Defining the Problem–It’s Bigger Than You!
About the Guest
Today on the broadcast, award-winning medical journalist and author, Dr. Walt Larimore, talks to parents about the seriousness of childhood obesity. Joining him in the studio is Todd Chobotar, Director of Publishing at Florida Hospital in Orlando.
Todd ChobotarTodd Chobotar serves as founder, publisher, and editor-in-chief of the Florida Hospital publishing program. The focus of his work is creating consumer books, professional monographs, and other resources to help people understand and experience the principles of Whole Person Health. He is the author or coauthor of three books and has served as editor on dozens of publications. Chobotar holds two business degrees from Andrews University. He lives in Orlando with his wife, Jeannine, twins Joshua...more
Walt and Barb LarimoreWalt Larimore. MD, is one of America's best-known family physicians and had been listed in the Best Doctors in America, Who's Who in Medicine and Healthcare, the International Health Professionals of the Year, and Who's Who in America. In 2001 the Larimores relocated to Colorado where Dr. Larimore is now an author, educator, and medical journalist. He and his wife, Barb, have two grown children and two grandchildren.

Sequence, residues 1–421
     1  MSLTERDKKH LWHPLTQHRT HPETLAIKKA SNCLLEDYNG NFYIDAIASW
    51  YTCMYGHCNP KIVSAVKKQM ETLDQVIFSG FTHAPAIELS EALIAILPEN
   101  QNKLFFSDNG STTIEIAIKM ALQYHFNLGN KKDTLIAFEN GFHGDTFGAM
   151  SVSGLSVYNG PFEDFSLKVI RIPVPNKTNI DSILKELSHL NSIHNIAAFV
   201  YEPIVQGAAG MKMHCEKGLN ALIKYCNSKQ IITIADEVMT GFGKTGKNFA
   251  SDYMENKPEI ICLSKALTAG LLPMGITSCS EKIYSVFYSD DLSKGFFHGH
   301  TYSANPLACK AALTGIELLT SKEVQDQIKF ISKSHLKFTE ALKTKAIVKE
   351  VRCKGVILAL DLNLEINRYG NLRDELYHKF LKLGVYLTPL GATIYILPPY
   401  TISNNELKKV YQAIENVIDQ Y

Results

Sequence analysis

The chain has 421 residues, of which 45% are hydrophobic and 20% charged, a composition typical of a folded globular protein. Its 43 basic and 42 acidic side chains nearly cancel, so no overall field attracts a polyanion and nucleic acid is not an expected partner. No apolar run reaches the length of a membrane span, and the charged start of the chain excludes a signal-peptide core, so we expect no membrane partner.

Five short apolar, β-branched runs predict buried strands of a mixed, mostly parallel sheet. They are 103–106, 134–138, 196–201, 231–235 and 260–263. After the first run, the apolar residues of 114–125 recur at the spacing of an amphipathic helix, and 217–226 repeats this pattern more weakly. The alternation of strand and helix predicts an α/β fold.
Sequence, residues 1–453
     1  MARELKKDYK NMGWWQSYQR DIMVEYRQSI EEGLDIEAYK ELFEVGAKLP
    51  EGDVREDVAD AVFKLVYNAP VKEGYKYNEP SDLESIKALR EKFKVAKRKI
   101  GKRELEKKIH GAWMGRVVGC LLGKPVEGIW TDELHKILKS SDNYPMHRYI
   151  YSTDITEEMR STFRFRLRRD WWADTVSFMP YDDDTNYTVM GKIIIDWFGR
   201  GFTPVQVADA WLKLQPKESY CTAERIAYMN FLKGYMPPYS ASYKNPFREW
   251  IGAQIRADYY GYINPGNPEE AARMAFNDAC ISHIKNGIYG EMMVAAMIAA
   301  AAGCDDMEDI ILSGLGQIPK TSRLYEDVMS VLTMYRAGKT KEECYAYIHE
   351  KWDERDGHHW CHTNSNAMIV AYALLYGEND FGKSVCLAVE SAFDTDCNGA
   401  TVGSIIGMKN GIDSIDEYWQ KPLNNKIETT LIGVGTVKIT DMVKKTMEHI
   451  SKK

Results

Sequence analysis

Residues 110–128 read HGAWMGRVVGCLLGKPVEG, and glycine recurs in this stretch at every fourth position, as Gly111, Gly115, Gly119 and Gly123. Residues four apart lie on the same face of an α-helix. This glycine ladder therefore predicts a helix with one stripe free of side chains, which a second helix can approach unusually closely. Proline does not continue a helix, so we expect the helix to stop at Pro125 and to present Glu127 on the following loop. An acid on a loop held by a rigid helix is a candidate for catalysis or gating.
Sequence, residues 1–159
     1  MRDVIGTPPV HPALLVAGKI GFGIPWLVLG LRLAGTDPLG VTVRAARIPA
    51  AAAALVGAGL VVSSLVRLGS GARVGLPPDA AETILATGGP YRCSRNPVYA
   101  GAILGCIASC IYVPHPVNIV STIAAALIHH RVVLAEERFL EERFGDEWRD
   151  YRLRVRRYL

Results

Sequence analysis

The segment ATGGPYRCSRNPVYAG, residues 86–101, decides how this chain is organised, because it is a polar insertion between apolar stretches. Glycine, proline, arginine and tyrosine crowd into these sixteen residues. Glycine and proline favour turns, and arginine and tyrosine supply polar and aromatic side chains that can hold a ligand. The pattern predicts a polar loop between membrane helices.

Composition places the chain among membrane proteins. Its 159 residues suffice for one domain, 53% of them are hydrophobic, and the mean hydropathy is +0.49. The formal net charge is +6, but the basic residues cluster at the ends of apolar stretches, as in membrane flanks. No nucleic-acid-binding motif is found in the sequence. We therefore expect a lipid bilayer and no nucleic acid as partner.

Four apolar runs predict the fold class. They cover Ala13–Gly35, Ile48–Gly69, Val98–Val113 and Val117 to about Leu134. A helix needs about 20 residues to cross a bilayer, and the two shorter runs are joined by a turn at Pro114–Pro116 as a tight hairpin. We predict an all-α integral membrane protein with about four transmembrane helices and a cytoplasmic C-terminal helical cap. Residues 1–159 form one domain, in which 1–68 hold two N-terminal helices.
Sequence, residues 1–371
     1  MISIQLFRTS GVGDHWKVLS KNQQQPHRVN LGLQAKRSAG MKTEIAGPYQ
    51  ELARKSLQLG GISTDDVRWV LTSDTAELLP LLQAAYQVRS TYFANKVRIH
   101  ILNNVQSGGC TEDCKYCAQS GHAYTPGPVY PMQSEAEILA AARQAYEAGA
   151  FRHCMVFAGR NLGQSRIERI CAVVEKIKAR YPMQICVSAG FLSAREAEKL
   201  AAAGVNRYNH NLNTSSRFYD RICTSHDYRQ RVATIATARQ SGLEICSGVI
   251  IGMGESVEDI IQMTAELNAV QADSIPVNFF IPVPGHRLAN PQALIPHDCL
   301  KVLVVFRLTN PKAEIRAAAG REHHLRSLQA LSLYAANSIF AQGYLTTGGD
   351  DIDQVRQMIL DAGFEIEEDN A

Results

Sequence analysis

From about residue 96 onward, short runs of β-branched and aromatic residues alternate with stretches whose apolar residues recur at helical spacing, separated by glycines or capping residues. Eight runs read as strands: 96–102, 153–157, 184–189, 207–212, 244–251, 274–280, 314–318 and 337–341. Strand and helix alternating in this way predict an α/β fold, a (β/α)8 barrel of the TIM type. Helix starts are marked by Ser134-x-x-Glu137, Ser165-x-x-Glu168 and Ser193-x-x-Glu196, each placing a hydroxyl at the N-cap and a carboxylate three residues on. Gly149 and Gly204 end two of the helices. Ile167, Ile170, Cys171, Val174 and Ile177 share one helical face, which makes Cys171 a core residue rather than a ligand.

Today on the broadcast, award-winning medical journalist and author, Dr. Walt Larimore, talks to parents about the seriousness of childhood obesity.
Defining the Problem–It’s Bigger Than You!
Bob: As a parent, you wouldn't do anything that was dangerous or unhealthy as it relates to your children, would you? Here's Dr. Walt Larimore.
Walt: Studies show that 75% of parents of obese children see their children as being normal sized.
Clowny: Hey, boys and girls, I'm Clowny the Clown, and how about a hot, juicy Clown Burger?
Walt: It's because of what they see in the community, what they see in the church, what they see at school, what they see at the family.
Bandido: No, man, I'm the Bandito. You don't wan' a burger, you wan' tacos. You want a 50 and a 60 and a 70 [unintelligible].